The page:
“By doing that, it boils most of the fat off of them and they become fall-apart tender,” said VanDam. “When they are finished in the oven, I put them on the grill over low heat for a just a little while – not very long – to finish them off. All you need to do then is add your favorite barbecue sauce.”
VanDam says that this rib recipe is something that has been a holiday staple in his family for a long time.
“They come out very tasty and fall-off-the-bone tender,” said KVD. “It’s not a very time consuming recipe; you don’t have to watch them and cook them for hours on end. They turn out super good and I’ve never had anyone I’ve shared this recipe with say otherwise.”
After finding VanDam willing to share his favorite rib recipe, I couldn’t help but ask him about desert. Would he be willing to share his wife Sherry’s recipe for the famed “KVD Cookies” that he carries on his bass boat?
“Nope,” KVD laughingly replied. “Not a chance.”
Pappy’s Lone Star Smoked Ribs
Pappy’s Lone Star Smoked Ribs
If KVD’s ribs recipe doesn’t strike your fancy, maybe the delectable ribs from the smoker of Outdoor Channel viewer Pat Lovera will do the trick.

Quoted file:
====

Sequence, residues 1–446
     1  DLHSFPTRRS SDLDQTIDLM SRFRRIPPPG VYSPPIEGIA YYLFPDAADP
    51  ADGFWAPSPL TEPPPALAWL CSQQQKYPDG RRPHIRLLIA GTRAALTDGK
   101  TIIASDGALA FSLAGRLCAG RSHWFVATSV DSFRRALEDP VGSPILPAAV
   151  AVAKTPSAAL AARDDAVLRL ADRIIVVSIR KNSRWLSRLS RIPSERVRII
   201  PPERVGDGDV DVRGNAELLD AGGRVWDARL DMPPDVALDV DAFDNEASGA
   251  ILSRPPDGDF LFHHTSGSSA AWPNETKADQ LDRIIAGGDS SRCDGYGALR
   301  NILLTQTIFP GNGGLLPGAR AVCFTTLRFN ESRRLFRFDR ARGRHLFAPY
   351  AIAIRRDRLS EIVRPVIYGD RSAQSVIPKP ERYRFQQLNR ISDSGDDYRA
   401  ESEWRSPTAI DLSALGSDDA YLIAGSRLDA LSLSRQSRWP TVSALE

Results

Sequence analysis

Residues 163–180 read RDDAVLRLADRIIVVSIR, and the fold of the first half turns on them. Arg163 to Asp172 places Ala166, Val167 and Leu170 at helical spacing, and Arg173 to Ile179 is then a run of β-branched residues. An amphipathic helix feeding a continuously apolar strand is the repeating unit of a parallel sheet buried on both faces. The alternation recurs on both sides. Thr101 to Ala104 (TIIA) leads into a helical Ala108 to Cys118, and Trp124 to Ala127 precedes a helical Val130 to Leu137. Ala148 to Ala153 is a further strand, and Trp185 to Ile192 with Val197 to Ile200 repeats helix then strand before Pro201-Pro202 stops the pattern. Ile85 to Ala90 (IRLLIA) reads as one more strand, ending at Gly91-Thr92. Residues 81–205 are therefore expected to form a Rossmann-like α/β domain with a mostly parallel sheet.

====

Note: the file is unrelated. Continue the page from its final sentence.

The Tom Bean, Texas barbecue expert – his smoked brisket is as good as any in the Lone Star State – was reluctant to give up his ribs recipe.
But since I’m married to his daughter, he finally agreed to reluctantly give up his secret recipe, which can be used on pork, beef or even wild feral hog ribs.
“The first thing that I do is cut the ribs in half,” said Lovera. “Then I season them with cayenne pepper, some fajita seasoning, Lawry’s seasoned salt and some garlic salt.”
Once the ribs have been seasoned, Lovera will go to work on getting the smoke in his smoker just right – he starts with oak, and then adds mesquite.
“Once I get the fire ready, I put the ribs on the smoker, bones up,” said Lovera. “I’ll cook them at 250 degrees for right at two hours. Then I will cut them up into individual serving sizes and put those 10 per pack into aluminum foil packets. I’ll cover the ribs in the foil packs with barbecue sauce and Italian dressing, wrap them up tightly, put them back on the smoker and cook them all night long over the low heat.”